Brazilian educationist Paulo Friere had criticised the traditional definition of teaching as a ‘banking model’ that treats the student and teacher as two separate entities. The teacher is perceived as the sole proprietor of knowledge who periodically deposits snippets of information into the minds of the student, like a ‘piggy bank’.
His argument for empowering students as co-creators of knowledge was highlighted by social critic and chairman of the Kerala Education Samithi, Ninan Koshy, during a discussion on the recommendations made by the P.K. Abdul Aziz committee.
Delivering the inaugural address at the meeting convened by the Kerala Sasthra Sahitya Parishad at the Teacher’s Bhavan here on Friday, Dr. Koshy criticised the report as being contradictory to such principles that envisage a better education system.
The committee was formed in a bid to revamp the existing school curriculum which is based on the Kerala Curriculum Framework (KSF). Dr. Ninan describing the report as ‘regressive’ and another example of the government’s corporatisation agenda.
This was a recurring line of thought during the session that the government’s policies were cloaked in democratic ideals supposedly for the greater good but in fact, they really served the vested interests of a minority. Even the West was waking up to the prospects of ‘universalisation’ of education, evident through initiatives such as the ‘Defend Public Education Campaign’ in the United States, Dr. Koshy said.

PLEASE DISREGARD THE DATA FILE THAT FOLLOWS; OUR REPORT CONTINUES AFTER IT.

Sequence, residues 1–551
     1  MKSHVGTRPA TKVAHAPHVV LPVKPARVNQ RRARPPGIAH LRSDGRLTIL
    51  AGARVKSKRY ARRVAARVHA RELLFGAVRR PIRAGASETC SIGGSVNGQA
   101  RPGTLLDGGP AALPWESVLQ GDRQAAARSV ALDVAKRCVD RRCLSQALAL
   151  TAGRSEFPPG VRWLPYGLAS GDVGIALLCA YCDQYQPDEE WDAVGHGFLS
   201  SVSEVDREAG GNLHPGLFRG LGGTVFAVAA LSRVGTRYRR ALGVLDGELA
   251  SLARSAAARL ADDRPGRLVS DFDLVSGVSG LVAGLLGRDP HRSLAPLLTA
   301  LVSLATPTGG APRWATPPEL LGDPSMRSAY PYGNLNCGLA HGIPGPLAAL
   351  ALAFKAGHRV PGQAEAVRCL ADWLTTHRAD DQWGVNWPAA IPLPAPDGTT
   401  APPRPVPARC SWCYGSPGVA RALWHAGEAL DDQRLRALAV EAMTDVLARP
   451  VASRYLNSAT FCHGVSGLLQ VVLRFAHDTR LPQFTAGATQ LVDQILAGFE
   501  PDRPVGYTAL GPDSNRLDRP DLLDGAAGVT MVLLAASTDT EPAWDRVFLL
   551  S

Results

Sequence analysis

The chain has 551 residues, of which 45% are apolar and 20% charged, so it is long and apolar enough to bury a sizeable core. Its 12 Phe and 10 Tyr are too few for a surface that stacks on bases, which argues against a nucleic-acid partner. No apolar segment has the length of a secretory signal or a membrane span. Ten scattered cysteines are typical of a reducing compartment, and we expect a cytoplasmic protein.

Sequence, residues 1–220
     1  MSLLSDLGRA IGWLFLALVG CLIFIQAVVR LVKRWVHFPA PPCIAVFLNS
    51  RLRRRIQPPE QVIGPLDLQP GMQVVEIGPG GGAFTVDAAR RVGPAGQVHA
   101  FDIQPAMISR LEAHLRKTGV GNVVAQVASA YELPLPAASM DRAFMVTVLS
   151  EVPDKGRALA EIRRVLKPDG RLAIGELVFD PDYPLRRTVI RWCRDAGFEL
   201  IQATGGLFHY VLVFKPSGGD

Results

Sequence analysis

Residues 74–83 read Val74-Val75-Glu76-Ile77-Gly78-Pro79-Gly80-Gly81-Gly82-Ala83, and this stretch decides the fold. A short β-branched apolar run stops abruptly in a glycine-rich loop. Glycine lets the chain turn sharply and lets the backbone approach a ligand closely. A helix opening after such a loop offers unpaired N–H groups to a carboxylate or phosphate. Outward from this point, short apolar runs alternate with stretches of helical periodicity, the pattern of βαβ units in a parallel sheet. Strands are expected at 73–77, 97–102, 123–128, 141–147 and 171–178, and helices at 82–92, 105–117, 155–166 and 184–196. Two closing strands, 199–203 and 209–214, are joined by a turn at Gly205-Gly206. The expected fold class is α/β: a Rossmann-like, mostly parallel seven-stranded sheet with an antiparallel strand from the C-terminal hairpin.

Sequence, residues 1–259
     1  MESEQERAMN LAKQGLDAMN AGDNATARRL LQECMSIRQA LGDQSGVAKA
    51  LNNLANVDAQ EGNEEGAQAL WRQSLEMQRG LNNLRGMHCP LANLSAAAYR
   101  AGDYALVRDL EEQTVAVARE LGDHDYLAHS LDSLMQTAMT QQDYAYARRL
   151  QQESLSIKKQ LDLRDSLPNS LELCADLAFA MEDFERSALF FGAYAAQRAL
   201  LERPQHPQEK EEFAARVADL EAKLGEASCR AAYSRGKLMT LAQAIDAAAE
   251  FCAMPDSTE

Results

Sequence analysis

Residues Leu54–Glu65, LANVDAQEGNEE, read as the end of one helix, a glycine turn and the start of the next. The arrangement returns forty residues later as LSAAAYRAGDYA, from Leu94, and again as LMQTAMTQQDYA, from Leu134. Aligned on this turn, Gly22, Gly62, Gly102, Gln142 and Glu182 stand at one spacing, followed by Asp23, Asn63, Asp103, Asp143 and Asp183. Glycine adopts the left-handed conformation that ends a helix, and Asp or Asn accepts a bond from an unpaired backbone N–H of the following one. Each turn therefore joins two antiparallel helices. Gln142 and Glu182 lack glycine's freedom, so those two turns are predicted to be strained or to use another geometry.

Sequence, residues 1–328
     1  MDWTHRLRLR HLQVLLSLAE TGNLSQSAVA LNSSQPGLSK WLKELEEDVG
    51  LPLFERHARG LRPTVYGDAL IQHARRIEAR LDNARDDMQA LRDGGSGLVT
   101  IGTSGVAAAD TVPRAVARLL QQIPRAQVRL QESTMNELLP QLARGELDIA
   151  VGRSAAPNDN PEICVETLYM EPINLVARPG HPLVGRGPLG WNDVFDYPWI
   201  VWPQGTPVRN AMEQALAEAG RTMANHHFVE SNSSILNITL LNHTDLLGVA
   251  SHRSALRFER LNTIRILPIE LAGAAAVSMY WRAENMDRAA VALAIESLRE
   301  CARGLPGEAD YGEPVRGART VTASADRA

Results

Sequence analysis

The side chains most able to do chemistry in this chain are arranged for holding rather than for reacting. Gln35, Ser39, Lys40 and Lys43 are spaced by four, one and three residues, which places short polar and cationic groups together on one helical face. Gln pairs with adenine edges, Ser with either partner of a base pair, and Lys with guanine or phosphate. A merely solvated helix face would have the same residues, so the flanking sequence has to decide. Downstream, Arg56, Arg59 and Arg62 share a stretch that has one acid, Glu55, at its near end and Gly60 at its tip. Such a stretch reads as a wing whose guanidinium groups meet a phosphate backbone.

Aside from undermining the position of the learner in the equation, the recommendations have made no effort to mend the frayed relations between society and classrooms. “Children are growing increasingly unaware of the world beyond their school walls. The social, political and cultural relevance in curriculum is vanishing and this gravely affects the role of school systems in moulding sensitive, well-rounded human beings,” said the renowned educationist.
He also drew attention to the multitude of curricula present in the country that invariably led to further fragmentation of society.
The seminar featured prominent persons in the field including P.V. Purushothaman, T.P. Kaladharan and K.N. Ganesh. C.P. Narayanan, MP, presided over the function.